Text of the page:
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Cape Cod Community To Vote On Status Of Wind Turbines


Next week, voters in Falmouth, Massachusetts decide whether to spend $14 million to tear down two wind turbines - or turbines if you prefer. The Cape Cod town installed these turbines just three years ago in an effort to produce renewable energy and cut costs. Nearby residents says the turbines are a health hazard and that the only cure is to take them down.

Sean Corcoran of member station WCAI has more.


SEAN CORCORAN, BYLINE: With the two 400-foot-tall turbines slowly spinning in the background, Rob Laird talks about climate change and how he first thought the machines would be part of the solution.

ROB LAIRD: This is great. This is going to solve lots of problems. And you know, look, it's right in my backyard, which is, you know, that's kind of neat 'cause it's this new cool thing coming along. And then they turned it on. And it wasn't 20 minutes after it was turned on when I called Town Hall and like, this thing's really loud.

CORCORAN: Laird lives about 1,300 feet from the closest turbine, which helps power the town's wastewater treatment plant. Since it began spinning in spring 2010, some 40 neighborhood households have complained about things such as headaches, vertigo and sleep interruption, which is what Laird experiences.

LAIRD: We've got to come up with alternative power sources and stop burning fossil fuels. There's no question about it. I just - I'm not sure that putting a wind turbine - if you - you can't make a neighborhood uninhabitable. I think that's the problem, and that's what this has done, in effect.

CORCORAN: Falmouth was among the first towns in Massachusetts to install large turbines so close to homes. When people complained, the town tried curtailing their operation when it got real windy. Then they shut them off at night. They even considered buying out the homeowners.

But now Board of Selectman chairman Kevin Murphy says the turbines simply need to come down.

KEVIN MURPHY: It was a mistake. It wasn't the right project. It wasn't the right location.

CORCORAN: Initially, complaints about health impacts were met with skepticism, and for three years the turbine issue festered. Today there are bumper stickers and lawn signs reading: Heal Our Town. And many residents, who don't even live near the turbines, say they have to go.

ROB MASTROIANNI: These folks living up on Blacksmith Shop Road, they are not nimbies, whiners or liars.

CORCORAN: That's Rob Mastroianni. He doesn't live near the turbines, but as a taxpayer he would have to pay for their removal. Selectmen say taking down and paying off the debt will cost the typical Falmouth household about $800 over 20 years. Mastroianni says he'll pay it.

MASTROIANNI: If my taxes go up a little bit, that's a small price to pay.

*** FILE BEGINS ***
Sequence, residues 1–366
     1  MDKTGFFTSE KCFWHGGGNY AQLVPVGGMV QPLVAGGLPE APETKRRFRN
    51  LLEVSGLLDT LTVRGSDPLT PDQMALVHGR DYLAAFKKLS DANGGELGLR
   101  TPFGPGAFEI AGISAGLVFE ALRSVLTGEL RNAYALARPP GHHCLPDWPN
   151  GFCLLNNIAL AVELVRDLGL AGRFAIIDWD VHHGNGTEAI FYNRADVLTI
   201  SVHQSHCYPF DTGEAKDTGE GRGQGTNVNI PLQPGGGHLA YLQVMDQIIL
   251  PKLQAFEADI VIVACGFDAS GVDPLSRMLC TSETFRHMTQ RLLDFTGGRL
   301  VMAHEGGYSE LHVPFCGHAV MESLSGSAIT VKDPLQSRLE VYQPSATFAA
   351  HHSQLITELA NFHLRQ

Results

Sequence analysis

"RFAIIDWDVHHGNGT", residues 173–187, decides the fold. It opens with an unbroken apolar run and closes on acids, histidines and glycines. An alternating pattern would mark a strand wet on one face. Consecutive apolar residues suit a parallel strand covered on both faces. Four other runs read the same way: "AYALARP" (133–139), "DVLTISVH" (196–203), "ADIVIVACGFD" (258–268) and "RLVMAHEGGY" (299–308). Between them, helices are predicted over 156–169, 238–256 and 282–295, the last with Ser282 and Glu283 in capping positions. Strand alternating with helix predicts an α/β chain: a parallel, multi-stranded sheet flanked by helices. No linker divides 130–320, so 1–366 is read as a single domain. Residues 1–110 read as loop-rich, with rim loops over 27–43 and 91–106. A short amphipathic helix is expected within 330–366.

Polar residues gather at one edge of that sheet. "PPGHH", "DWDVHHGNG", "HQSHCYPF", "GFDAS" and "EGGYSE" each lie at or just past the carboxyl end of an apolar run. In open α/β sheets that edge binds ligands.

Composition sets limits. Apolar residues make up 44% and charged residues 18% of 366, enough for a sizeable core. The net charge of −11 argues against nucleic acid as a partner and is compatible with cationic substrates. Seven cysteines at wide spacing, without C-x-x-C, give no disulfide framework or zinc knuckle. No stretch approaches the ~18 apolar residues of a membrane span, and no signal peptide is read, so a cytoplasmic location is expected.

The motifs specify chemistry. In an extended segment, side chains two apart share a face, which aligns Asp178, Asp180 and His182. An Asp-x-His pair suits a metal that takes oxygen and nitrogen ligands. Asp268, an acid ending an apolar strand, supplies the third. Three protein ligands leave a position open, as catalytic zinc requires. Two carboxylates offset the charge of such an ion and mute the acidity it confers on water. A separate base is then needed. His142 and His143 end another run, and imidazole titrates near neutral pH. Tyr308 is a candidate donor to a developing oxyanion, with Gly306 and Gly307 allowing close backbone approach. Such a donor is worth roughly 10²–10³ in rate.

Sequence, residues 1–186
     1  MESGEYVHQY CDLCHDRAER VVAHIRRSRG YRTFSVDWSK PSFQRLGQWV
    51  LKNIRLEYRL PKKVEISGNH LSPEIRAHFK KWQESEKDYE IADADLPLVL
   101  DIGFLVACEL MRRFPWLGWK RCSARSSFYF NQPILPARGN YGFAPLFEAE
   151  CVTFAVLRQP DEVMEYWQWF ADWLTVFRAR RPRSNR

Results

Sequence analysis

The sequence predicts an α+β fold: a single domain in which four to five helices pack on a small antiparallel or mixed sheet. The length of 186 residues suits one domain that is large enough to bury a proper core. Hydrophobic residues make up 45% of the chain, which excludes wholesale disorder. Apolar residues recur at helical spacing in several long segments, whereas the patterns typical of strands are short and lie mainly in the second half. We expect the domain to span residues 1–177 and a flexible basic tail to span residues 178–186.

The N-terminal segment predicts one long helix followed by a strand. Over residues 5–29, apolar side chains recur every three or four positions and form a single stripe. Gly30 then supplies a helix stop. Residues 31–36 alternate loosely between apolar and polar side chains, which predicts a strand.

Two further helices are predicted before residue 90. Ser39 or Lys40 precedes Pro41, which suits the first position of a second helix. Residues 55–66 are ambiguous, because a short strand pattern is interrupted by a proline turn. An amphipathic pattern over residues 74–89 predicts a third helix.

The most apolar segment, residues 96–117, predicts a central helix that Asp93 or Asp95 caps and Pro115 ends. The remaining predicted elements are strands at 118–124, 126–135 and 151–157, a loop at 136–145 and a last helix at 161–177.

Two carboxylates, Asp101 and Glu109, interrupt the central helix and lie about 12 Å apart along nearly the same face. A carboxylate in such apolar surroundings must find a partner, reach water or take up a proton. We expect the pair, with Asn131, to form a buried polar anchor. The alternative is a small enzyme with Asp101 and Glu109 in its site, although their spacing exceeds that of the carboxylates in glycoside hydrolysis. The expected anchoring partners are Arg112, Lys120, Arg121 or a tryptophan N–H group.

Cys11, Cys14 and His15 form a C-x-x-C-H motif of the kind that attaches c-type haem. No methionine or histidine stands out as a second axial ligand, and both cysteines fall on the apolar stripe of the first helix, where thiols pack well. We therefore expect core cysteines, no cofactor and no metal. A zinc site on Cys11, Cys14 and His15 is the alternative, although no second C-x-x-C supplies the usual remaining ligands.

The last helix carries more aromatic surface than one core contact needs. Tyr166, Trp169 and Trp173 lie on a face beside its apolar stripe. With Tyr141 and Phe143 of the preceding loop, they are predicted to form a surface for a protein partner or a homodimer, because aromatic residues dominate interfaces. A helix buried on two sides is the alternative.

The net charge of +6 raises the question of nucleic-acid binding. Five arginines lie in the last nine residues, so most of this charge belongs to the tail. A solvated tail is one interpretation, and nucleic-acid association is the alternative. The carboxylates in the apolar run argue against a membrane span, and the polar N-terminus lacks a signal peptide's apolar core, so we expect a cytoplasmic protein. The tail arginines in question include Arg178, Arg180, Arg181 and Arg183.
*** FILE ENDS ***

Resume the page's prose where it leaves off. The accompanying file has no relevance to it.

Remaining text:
CORCORAN: Not for resident Joe Hackler. Amidst a chorus of weed-whackers and clucking chickens, he questions the legitimacy of the noise complaints.


JOE HACKLER: That noise you hear in the background is a lot louder than those machines ever are.

CORCORAN: But neighbors typically don't object to the whoosh-whoosh sound of the turbines. Rather they talk about something called infrasound, a low-frequency sound that's controversial and not well understood. Selectman Doug Jones explains it has a vibration or sound pressure that gets reflected off the turbine itself and towards the homes.

DOUG JONES: It's not something you hear. But that's the thing that they say it just makes them feel sick. And that's the one we don't have tons of scientific evidence to really affirm.

CORCORAN: Complaints about wind farms appear to be increasing in some parts of New England, where things already are crowded and turbines are being installed closer to homes.

Andy Brydges is with the Mass Clean Energy Center, which works with Massachusetts to develop wind projects. He says the wind industry and its advocates are reacting to complaints.

ANDY BRYDGES: The wind industry is paying attention to the complaints people have had and are reexamining their siting strategies and decisions based on those complaints. And I think they're very focused on developing projects that will be ultimately well-received by the community, which serves everybody's interests better.

CORCORAN: Voters in Falmouth go to the polls on Tuesday to decide whether the turbines here should come down.

For NPR News, I'm Sean Corcoran. Transcript provided by NPR, Copyright NPR.

Sean Corcoran is both news director and senior reporter at WCAI in Woods Hole. He also is a managing editor for WGBH Radio. He began producing investigative series for WCAI in 2005, after moving to Cape Cod. In 2006 his 20-part series "Two Cape Cods: Hidden Poverty on the Cape and Islands," won the Alfred I. DuPont-Columbia University Award, considered the highest award in broadcast journalism. Recent series' topics include the Pilgrim Nuclear Power Plant; wind power; Alzheimer's Research and caregiving; military groundwater pollution; our changing energy systems; special education; and various science, health and ecology-related stories. For the first nine years of his career Corcoran worked as a staff reporter for various New England newspapers before moving to public radio. Corcoran is a graduate of The George Washington University and the Columbia University Graduate School of Journalism. He is a former 3rd grade teacher and adjunct journalism professor. He occasionally performs onstage with his father, an accomplished Irish entertainer. He lives on Cape Cod with his wife, Linda Corcoran, who is heard on-air on Friday mornings in her capacity as the Managing Editor at the Cape Cod Times. The couple has a young son, Seamus.